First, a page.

Last month, Fujifilm released a major firmware update for the X-T1 camera, which added 27 new features. One of the coolest additions is an electronic shutter (ES) option that lets you shoot at ultra high shutter speeds. If you enable the ES, the camera will switch over when you pass 1/4,000 sec, and allow speeds of up to 1/32,000 second. That’s “one thirty-two thousandth of a second.” Kind of hard is that to say, isn’t it?
Ultra high shutter speeds offer great flexibility in a variety of situations. They allow capture incredibly fast action and freeze the quickest subjects, providing you can trigger the shutter at the right time.
In addition, you can shoot at wide open apertures in extremely high lighting conditions. Imagine shooting portraits in glaring sunshine or creating creamy bokeh with razor thin depth of field in the brightest of light. Or creating relatively dark exposures when shooting directly into the sun.
Doing a quick field test of the new ES on the X-T1, I shot a couple landscapes to test out these awesome new capabilites. The first example above was shot with the ultra fast Fuji XF 56mm f/1.2 lens, in an environment of sunshine and highly reflective snow and ice.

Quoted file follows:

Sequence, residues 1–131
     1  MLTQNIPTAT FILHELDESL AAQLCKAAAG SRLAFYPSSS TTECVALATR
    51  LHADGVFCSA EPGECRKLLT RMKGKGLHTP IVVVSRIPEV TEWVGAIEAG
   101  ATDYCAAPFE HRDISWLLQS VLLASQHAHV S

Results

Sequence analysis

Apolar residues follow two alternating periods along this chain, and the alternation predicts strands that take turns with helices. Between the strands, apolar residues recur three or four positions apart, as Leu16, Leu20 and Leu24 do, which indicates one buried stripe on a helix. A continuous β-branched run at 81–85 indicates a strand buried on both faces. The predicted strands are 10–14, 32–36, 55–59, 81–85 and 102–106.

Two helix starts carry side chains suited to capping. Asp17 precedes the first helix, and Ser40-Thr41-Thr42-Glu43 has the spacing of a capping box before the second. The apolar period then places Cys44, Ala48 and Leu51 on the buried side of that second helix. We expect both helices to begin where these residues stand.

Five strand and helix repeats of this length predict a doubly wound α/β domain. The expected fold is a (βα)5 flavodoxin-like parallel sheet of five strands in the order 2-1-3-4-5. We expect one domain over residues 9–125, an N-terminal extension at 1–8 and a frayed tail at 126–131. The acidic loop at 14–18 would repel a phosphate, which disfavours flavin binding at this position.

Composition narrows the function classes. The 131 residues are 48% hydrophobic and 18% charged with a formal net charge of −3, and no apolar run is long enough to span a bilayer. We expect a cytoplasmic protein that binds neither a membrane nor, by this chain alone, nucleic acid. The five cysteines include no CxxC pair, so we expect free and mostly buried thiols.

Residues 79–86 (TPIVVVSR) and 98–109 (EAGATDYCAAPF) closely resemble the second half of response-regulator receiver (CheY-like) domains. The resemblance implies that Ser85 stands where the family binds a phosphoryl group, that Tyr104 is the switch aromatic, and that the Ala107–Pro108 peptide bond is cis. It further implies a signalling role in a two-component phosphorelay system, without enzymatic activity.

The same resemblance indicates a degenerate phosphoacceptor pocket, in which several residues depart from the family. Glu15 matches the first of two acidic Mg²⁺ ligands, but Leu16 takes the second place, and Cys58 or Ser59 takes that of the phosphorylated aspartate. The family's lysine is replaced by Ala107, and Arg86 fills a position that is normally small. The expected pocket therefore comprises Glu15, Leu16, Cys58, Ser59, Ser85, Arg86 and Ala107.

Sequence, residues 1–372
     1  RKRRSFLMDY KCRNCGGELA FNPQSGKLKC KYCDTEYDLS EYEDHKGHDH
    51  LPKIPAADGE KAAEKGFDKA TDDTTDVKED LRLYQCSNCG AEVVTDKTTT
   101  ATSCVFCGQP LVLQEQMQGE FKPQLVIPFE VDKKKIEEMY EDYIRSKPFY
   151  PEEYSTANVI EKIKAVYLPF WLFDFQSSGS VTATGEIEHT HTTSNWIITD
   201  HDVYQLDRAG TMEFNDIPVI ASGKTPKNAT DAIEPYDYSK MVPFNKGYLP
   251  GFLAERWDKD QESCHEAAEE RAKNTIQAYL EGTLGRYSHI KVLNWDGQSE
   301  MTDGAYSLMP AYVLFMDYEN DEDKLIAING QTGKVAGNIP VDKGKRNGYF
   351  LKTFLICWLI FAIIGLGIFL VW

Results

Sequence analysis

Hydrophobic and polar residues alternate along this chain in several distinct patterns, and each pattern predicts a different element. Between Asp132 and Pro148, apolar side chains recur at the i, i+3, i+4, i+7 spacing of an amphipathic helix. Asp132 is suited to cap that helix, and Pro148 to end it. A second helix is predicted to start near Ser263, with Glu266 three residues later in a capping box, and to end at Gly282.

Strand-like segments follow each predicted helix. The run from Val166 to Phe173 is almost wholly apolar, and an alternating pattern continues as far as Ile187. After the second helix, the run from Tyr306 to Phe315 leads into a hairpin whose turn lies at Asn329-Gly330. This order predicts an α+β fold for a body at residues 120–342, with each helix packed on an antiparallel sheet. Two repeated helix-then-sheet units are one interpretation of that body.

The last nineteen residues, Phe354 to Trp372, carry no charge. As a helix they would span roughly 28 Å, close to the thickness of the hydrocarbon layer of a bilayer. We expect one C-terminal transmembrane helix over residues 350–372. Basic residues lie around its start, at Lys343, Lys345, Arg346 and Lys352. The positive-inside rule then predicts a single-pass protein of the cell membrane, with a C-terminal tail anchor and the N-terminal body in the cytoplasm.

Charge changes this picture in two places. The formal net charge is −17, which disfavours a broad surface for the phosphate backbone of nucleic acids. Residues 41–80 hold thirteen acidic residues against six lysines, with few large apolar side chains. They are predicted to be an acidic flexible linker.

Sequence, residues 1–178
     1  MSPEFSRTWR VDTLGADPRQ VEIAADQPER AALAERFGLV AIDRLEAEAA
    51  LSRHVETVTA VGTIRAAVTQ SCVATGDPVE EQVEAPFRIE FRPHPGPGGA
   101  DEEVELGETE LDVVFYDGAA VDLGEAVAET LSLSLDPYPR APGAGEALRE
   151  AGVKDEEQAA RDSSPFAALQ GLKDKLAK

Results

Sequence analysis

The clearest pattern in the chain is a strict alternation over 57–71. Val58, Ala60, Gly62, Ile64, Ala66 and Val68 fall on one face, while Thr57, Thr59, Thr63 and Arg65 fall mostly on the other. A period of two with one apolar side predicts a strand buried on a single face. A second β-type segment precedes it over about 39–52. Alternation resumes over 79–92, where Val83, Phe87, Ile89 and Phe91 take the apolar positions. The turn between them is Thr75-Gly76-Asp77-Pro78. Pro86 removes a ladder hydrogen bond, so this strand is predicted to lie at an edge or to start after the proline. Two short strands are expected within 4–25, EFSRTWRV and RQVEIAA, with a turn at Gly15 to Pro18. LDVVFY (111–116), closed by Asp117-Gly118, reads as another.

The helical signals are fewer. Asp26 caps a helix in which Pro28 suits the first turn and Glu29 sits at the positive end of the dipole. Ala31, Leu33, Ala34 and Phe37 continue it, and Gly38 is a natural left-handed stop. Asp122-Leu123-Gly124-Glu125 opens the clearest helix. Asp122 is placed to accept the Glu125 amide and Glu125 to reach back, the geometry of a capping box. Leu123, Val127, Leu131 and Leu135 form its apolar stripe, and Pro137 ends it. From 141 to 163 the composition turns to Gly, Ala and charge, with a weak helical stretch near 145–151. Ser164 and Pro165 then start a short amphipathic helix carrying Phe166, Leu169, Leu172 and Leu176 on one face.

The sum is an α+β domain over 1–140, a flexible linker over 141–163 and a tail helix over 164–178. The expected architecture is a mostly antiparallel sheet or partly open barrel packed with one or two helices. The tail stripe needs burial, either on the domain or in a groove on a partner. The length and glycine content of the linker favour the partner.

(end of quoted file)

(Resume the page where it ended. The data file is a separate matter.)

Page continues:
My exposure was 1/10,000 sec, wide open at an aperture of f/1.2. This allowed me to come in close and create a very narrow sliver of focus on that first little ridge of ice and drop the rest of the scene into a soft blur. I love shooting landscapes and natural features with wide apertures, it allows you to accentuate specific features in the scene and bring the viewer’s eye right into the subject.
My second example was shot with the Fuji XF 18-135mm lens. Exposure was 1/16,000 sec at f/5.6. This was more of an experiment than a great photo opportunity. I could have easily stopped the lens down and shot at 1/4,000, but I wanted to see how high I could get with the shutter and still produce an acceptable shot.
In my mind, this one has kind of a lunar feel- not that I have firsthand visual knowledge of the moon, but it’s a cool effect nonetheless. At any rate, this new ultra high speed ES adds considerable power to the X-T1, which is already a very capable camera.
The only real limitation is that the ES disables the flash, so you can’t do any high speed sync work using this feature. Perhaps Fuji will add some high speed flash capabilities to the X-T1 in a future upgrade.
If you have the X-T1, I highly recommend getting the new firmware update v/3.0. Here’s a list of all the new features it adds.